The best food on earth just got better
By Pat Mullen
The Truffle Hunters
(Italy/Greece/USA, 84 min.)
Dir. Michael Dweck & Gregory Kershaw
Programme: Special Events (Canadian premiere)
Few delicacies excite the senses like truffles do. A truffle may hold the most wonderfully aromatic and delightfully scrumptious powers in the world. The savoury, earthy taste warms the body like roasted garlic or smoky scotch. Their fragrant character makes any meal with a hint of truffle an olfactory adventure. Weirdly shaped and quirkily textured, truffles evoke many senses when hunting for them in delicatessen aisles.
Fellow truffle pigs will truly relish every second of Michael Dweck and Gregory Kershaw’s The Truffle Hunters. This tasty flick eschews the usual food porn one sees in documentaries about all things edible. The Truffle Hunters elevates the fungi at its centre and gives foodies further appreciation for this rarest of delicacies. It takes audiences through the thrill of the hunt and imparts the traditional methods used to cultivate the goods. One sees why the truffle is such a luxurious treat.
Dweck and Kershaw go hunting in the forests of Piedmont, Italy where revered foragers find their goods. The truffle hunters at the heart of the film are stalwarts from another generation. They have only instincts to guide them, as well as dependable dogs with expert noses. (There are no truffle hogs to be found here, except in the metaphorical sense.) The truffle hunter, or tartufolio as they’re called, have a particular sense for the white Alba truffle—the rarest of beasts. Hunters Carlo, Aurelio, Angelo, Egidio, Sergio, Gianfranco, and Paolo form the film’s cast of eclectic hunters. Rare beasts themselves, they keep their analogue methods secret, much to the concerns of younger truffle lovers who worry that the hunters will take the harvest locations to their graves.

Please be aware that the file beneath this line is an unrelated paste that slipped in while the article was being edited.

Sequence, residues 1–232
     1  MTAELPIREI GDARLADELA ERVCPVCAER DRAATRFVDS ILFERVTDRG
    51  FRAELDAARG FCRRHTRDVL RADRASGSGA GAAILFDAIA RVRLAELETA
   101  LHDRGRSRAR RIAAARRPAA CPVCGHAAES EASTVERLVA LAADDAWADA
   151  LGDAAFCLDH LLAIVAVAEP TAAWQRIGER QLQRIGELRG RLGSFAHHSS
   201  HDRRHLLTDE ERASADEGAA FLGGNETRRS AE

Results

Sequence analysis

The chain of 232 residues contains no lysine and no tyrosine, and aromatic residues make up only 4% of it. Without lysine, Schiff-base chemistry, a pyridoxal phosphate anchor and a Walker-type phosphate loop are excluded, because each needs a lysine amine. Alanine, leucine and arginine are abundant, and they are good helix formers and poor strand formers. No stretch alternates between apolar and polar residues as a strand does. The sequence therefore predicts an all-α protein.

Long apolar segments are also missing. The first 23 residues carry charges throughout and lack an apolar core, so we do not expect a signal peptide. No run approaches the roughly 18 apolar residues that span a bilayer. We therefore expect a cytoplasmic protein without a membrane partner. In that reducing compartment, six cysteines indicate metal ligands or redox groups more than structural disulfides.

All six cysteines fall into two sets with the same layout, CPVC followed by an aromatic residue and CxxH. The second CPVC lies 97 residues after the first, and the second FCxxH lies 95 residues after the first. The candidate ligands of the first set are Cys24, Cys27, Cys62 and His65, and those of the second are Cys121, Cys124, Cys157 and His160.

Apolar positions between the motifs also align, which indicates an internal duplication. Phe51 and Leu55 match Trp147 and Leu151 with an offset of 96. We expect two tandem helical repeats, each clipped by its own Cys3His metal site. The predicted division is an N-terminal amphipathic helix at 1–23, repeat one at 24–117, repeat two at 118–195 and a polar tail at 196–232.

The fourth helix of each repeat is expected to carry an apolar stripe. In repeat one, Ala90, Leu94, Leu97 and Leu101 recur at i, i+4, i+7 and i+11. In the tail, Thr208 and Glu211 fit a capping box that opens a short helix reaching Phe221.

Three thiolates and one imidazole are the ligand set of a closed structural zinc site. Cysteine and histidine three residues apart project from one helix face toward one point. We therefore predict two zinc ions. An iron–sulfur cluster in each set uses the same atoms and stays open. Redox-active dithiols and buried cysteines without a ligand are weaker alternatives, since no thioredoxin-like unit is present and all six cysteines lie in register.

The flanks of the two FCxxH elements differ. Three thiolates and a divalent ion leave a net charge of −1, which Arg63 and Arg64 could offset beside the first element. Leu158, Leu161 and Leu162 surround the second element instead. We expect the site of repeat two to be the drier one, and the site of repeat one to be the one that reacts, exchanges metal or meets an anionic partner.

Dogs Birba, Bibi, Fiona, Charlie, Titina, Nina, and Yari are their adorably dependable companions, joining them in the hunt and sharing delicacies at the dinner tables. Even the local priests bless the pooches with sacred hopes that their noses will yield rich harvests. When a week’s worth of hunting might yield only a single truffle, the divine dogs could use a prayer.
The relationships between the dogs and the hunters are special. Dweck and Kershaw capture the role of the dogs through jittery Go-Pros mounted atop the four-legged truffle hunters. The film lets us experience the thrill of the hunt from a dog’s point-of-view as one runs energetically through these enchanted forests in search of buried treasure. Every step of The Truffle Hunters is an adventure through a magical world. However, danger lurks in the woods, too, as the hunters learn through sad consequences that some locals leave poison among the trees to thwart the dogs. Every sniff and every lick could be a dog’s last. The hunts are as suspenseful as they are exciting with the inevitable tragedy the film foreshadows.
The film celebrates the aging hands who give us so much joy through the riches they cultivate. The Truffle Hunters is a film for anyone who savours the joy of sharing a good meal. Dweck and Kershaw evoke the ritual of the truffle savants who explore the textures, aromas, and fragrances in the film. Like the experts, the film raises truffles and gives them a good sniff, exploring the facets that and complexities that make them as rich as the best bottles of wine. The Truffle Hunters reminds audiences to slow down and savour the fine things in life. It’s so good to indulge.
The Truffle Hunters screened at TIFF 2020 and opens in January 2021.